Clover students may soon have more time to get extra help in classes and take advantage of school activities.
The Clover school district is considering implementing a Flexible Learning Experience, or Flex, program that gives students dedicated time during the school day for make-up work, club meetings, career planning or other needs, said Bryan Dillon, public information officer for the district.
“The idea is to find the best way to meet the needs of all of our students,” Dillon said. “It helps them to take more ownership of their education as well.”
Flex time allows students who cannot stay after school or come before school because of transportation or work schedules to get extra academic help or take part in activities they may not otherwise be able to, said Clover High School Principal Rod Ruth.
“It’s a personalized learning approach that seeks to maximize the minutes of the school day for students for a variety of purposes,” Ruth said. “Students are so involved with so many things.”
On March 20, Ruth presented the idea to the Clover school board. He said board members gave positive feedback.
“If instituted, the Flex scheduling format could allow for more efficient use of instructional and extra-curricular (time) during the school hours, which is a benefit to all students,” said Mack McCarter, school board chair. “...It is important to make sure that if implemented that the district does everything possible to make sure that the program is suited to meet the varying needs of all students.”
Clover administrators plan to test Flex ideas during the last quarter of this school year, Ruth said.
“Optimal learning comes when it’s possessed by those actually doing the learning,” Ruth said.
In Fort Mill
During the first semester of this school year, Clover High School sent a team of administrators and teachers to Fort Mill, Rock Hill and Lexington high schools to see how Flex time is implemented. District officials have studied how the Flex model is growing across the state.
“Something that appeals to young people right now is the idea of personalization,” he said. “We want to pass on some of the ownership of student learning to the students.”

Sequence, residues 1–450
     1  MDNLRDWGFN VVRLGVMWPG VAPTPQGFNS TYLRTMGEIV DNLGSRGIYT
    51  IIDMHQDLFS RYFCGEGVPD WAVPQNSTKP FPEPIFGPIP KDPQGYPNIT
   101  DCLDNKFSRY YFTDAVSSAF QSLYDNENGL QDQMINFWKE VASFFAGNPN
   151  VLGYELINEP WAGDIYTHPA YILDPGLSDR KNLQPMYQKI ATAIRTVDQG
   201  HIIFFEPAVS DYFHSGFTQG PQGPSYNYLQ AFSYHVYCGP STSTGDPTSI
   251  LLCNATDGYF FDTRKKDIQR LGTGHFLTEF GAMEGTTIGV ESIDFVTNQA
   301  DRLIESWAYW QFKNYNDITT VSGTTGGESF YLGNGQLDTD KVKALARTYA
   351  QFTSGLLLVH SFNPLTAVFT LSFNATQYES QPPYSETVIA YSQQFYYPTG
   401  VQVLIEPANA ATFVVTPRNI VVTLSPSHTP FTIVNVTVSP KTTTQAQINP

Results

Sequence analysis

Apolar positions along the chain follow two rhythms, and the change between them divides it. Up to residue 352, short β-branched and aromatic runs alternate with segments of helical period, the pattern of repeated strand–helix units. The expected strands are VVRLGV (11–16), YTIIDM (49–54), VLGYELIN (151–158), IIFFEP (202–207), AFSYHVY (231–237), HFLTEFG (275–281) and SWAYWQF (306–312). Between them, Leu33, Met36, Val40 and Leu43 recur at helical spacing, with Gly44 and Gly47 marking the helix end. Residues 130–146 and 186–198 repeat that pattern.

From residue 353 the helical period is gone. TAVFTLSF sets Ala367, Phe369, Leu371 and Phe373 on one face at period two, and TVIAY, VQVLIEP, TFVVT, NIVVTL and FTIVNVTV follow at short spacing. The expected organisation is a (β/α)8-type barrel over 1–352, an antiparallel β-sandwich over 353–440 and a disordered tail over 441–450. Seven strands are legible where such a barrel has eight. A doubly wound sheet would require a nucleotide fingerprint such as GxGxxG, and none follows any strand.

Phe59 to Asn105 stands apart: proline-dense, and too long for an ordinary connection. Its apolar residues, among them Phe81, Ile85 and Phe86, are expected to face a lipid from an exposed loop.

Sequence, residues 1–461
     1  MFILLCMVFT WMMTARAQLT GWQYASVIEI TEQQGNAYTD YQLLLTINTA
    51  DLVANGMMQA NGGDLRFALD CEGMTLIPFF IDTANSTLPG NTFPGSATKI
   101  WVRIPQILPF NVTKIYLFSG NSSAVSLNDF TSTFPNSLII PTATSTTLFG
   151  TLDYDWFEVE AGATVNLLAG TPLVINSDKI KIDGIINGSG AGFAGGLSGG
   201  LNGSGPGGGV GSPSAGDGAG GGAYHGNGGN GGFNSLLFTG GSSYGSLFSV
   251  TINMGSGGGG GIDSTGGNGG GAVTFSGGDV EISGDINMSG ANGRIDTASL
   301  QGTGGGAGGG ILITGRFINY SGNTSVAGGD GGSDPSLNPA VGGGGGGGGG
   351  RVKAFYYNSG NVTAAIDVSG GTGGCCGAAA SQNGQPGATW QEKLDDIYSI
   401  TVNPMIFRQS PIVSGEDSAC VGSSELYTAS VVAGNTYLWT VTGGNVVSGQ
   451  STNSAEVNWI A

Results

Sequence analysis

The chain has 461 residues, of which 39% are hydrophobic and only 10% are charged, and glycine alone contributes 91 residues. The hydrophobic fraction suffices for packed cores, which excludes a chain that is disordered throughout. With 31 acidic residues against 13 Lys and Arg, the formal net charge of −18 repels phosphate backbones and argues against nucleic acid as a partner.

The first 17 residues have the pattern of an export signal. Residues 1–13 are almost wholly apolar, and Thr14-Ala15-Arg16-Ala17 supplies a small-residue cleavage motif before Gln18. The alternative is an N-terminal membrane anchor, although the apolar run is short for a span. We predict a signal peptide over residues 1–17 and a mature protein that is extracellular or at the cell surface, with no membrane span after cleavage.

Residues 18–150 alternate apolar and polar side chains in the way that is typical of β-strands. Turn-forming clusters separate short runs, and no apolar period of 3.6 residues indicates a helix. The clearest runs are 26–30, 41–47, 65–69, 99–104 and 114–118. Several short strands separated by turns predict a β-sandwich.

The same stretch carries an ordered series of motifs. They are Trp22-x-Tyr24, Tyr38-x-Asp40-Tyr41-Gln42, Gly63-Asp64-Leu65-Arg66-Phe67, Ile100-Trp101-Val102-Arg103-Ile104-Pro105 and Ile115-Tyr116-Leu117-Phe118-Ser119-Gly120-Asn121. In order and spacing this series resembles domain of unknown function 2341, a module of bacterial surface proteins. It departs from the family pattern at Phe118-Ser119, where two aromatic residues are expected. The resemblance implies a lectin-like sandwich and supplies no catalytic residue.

While the program may be called something different in each district, more high schools are offering flexibility to students, said Ryan Brown, chief communications officer for the S.C. Department of Education.
“Schools want to be student-centered learning environments that allow students to make their own informed decisions, as this is the situation they will face when they graduate high school,” he said. “Time management is a skill that is often a key to academic success at colleges and universities.”
The Fort Mill school district offers Flex time on Tuesdays and Thursdays, in the form of a one-hour lunch period. Students can participate in tutoring, make-up testing and other academic activities, said Dee Christopher, Fort Mill High School principal. Fort Mill’s program is in its second year.
“We wanted an opportunity for students to get extra help during the school day,” he said. “The students have been very good at using that time wisely.”
Flex time means Fort Mill High School has had to manage 2,100 students roaming the school at one time, Christopher said. New technology and additional serving lines helps with the additional lunchtime load.
Christopher said Flex time is an option for students to get help, not a requirement, forcing students to take on some responsibility.
“This is a real-life opportunity for them to make good choices within the context of their school day,” Christopher said. “When they need help, they need to ask for it and take advantage of the opportunity we’ve given to them to do that during the school day.”
Nation Ford High School also uses Flex time for students to get academic help or participate in clubs, said Principal Jason Johns.
Flex time also allows teachers to meet with students outside of normal office hours, Christopher said. “Teachers get to help students immediately when they need it,” he said.
Amanda Harris: 803-329-4082